* Bank considering guidance on future monetary policy
* Guidance may help stem rise in UK government bond yields
* Powerful steer risks committing bank to bad policy
* Consensus may be hard on nine-member policy committee
By David Milliken
LONDON, Aug 2 (Reuters) - The Bank of England faces a tough trade-off next week between making a powerful commitment to keeping interest rates low for a long time, and taking a vaguer approach that leaves it less at risk of an embarrassing mistake.
Finance minister George Osborne has asked new Bank of England chief Mark Carney to broker agreement among the bank’s policymakers on the use of ‘forward guidance’, something done by the U.S. Federal Reserve, the Bank of Canada which Carney used to run and, more recently, the European Central Bank.
It essentially means telling markets, businesses and consumers what it plans to do.
The Bank of England has historically resisted tying its hands by committing itself to a future path for interest rates, and instead has tried to prop up the economy since 2009 with bond-buying as well as interest rates of just 0.5 percent.
Whether to change this dominated the two-day policy meeting which ended on Thursday, and a formal announcement is due on Aug. 7 alongside quarterly economic forecasts.
Carney - who took over the bank a month ago - has repeatedly spoken in favour of forward guidance, and the bank is keen at the moment to make clear it does not want borrowing costs to rise any time soon.
After the U.S. Federal Reserve indicated that it may soon start to phase out its bond purchases, the Bank of England made a first foray into forward guidance by saying on July 4 that a rise in bond yields in Britain was not consistent with its weak economy.
But the bank’s nine-member Monetary Policy Committee is likely to find it far harder to agree on more detailed guidance, Charles Goodhart, a former MPC member and a professor at the London School of Economics, said.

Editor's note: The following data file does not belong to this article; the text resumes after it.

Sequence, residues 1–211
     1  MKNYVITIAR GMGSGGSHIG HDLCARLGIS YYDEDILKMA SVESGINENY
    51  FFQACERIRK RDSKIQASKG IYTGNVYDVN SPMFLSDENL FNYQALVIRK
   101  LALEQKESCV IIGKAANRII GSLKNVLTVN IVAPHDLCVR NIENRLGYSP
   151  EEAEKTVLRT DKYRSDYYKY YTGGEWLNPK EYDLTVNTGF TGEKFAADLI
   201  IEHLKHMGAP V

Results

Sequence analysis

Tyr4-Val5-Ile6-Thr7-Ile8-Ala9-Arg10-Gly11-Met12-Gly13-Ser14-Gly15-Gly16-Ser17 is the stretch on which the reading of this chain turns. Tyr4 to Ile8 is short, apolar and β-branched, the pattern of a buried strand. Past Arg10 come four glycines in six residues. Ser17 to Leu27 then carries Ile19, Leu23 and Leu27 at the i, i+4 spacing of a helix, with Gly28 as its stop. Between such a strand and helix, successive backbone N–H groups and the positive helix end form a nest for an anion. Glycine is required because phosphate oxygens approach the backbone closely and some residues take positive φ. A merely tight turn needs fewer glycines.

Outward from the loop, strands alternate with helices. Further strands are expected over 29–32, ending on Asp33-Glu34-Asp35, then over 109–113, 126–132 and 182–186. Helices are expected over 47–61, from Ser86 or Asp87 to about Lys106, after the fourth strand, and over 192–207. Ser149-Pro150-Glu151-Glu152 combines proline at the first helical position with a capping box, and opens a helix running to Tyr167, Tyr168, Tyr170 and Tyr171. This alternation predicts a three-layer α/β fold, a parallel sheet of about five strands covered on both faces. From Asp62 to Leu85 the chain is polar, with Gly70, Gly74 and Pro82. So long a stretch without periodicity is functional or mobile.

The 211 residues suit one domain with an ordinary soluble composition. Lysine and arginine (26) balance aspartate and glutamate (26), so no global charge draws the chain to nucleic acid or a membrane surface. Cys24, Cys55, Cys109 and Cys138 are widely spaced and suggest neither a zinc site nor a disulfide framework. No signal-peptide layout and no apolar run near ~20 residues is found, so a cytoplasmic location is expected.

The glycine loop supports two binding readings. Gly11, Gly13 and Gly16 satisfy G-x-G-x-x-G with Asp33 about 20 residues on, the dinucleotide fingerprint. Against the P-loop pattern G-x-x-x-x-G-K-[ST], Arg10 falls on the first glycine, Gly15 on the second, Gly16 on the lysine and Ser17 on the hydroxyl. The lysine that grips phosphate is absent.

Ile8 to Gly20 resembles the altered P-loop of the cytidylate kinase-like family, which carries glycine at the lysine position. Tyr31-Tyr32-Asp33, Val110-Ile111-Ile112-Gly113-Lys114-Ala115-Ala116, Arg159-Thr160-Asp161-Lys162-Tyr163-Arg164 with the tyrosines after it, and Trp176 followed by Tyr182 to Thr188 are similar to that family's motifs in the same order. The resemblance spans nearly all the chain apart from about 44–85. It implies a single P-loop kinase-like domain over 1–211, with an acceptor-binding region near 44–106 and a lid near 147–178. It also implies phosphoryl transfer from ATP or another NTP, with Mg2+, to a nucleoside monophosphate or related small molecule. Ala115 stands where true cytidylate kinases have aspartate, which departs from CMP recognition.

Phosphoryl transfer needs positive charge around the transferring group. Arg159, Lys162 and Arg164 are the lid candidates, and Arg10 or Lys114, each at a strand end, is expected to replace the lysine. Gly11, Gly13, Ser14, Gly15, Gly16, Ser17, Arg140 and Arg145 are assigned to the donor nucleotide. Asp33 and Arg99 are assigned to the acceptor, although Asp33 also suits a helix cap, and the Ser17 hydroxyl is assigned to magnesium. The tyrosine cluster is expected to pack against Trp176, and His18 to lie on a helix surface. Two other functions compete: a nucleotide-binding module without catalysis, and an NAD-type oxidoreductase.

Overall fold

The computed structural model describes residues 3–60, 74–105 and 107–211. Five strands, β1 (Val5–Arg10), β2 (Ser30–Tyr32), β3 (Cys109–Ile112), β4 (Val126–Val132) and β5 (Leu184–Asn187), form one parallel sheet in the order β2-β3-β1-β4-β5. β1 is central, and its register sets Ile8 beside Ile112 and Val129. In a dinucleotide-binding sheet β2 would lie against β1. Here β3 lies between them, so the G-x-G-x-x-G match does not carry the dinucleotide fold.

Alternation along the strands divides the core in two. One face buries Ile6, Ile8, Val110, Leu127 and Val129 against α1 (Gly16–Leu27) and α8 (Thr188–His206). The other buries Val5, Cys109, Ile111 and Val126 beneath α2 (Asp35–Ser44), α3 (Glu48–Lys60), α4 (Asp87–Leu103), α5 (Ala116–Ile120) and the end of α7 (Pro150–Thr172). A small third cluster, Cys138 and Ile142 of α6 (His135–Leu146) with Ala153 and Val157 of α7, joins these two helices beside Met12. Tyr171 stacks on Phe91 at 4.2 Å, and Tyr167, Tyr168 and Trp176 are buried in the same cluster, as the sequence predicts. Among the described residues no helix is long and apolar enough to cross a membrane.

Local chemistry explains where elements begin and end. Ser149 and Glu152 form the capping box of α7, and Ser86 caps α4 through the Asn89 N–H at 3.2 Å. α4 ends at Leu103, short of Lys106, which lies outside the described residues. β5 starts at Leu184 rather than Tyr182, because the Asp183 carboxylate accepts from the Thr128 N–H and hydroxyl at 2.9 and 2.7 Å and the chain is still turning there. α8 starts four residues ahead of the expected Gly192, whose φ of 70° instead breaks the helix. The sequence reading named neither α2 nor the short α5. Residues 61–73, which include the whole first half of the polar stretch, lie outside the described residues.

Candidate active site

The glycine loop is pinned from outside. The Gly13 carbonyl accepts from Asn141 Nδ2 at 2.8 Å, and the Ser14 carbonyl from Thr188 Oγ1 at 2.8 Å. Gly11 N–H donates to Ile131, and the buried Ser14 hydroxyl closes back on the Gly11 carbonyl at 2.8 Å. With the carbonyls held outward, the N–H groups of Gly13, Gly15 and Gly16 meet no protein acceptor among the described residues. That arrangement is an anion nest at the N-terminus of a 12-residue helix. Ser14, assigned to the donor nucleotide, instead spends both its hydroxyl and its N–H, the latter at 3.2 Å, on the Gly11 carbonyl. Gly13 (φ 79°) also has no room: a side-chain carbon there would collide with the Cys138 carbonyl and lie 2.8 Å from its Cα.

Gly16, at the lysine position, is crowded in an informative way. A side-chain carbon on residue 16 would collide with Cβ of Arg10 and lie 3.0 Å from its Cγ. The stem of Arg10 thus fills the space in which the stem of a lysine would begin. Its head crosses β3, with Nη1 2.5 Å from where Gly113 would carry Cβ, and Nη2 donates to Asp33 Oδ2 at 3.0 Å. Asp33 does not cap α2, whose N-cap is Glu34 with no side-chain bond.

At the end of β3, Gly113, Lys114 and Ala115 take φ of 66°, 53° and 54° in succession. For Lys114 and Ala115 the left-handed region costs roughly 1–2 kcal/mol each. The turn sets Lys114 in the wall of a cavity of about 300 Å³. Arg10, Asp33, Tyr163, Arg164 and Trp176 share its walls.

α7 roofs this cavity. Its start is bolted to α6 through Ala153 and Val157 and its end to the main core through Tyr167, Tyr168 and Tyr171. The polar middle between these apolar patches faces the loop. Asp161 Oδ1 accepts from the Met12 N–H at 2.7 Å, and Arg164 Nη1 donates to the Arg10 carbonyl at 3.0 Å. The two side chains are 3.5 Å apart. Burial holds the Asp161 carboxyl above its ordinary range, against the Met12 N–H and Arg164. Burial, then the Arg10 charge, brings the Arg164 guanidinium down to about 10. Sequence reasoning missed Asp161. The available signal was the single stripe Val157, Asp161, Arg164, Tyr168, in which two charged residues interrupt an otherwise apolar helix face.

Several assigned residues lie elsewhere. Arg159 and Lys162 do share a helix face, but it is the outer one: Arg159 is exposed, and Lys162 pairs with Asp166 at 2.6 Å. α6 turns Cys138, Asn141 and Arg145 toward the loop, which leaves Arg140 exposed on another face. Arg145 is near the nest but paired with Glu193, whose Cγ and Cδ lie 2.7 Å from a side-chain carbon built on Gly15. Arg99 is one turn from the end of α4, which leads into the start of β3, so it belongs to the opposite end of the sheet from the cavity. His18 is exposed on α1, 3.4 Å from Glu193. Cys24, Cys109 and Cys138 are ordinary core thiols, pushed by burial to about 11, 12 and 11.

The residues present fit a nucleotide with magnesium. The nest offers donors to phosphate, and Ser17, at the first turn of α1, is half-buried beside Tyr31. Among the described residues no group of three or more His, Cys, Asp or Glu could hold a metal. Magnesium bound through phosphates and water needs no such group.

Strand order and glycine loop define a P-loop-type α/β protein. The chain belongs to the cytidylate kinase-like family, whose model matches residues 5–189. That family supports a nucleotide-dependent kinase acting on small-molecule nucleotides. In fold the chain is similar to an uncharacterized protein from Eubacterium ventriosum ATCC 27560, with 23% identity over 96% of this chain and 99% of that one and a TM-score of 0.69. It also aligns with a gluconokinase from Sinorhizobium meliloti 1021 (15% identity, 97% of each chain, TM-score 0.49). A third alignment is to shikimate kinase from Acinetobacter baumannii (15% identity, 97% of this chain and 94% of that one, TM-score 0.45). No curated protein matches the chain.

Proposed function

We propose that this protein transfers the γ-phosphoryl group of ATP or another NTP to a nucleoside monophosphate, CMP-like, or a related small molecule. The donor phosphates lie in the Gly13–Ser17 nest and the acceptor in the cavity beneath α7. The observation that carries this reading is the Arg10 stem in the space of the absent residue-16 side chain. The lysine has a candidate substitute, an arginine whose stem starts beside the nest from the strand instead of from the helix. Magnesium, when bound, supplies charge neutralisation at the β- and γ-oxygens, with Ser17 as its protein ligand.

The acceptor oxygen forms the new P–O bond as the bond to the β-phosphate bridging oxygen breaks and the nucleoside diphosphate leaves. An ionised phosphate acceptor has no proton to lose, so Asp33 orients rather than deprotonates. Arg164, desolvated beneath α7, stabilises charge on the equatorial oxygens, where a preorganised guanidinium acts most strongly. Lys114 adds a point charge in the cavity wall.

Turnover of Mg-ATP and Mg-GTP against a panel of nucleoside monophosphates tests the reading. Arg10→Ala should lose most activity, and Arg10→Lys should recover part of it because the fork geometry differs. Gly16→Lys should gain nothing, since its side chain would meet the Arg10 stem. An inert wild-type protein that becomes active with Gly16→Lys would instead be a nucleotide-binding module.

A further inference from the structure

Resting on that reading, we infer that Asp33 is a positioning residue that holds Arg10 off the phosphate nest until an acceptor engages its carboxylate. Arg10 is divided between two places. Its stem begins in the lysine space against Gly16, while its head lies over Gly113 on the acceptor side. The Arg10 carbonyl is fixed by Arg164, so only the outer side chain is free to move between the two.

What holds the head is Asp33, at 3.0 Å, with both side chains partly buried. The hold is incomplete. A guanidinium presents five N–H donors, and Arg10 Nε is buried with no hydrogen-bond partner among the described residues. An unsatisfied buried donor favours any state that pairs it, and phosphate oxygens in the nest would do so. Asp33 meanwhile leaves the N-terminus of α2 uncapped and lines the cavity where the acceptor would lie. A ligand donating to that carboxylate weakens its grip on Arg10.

“It is going to constrain the way the MPC’s own proceedings work,” said Goodhart, now an adviser to Morgan Stanley.
The Bank of Canada in 2009, under Carney, said interest rates would stay on hold for 15 months, as long as the inflation outlook remained under control. Carney stressed the need for a pledge that could be easily explained to the public.
Goodhart expects something similar at the Bank of England, with a pledge to keep rates unchanged until the middle of 2015.
But he concedes guidance of this type is a close-run thing. In Canada, central bank officials are expected to reach a consensus with their governor, while Britain’s MPC members are required to vote in line with their personal views and must explain themselves to lawmakers in parliament.
In addition the MPC’s four external members serve terms of only three years, meaning some may not be in office at the end of a period of guidance and would in effect commit a successor.
For these reasons, many economists polled by Reuters expect the Bank of England to agree on a kind of guidance similar to that pursued by the Fed. The Fed has pledged not to consider raising interest rates until the U.S. unemployment rate falls to 6.5 percent.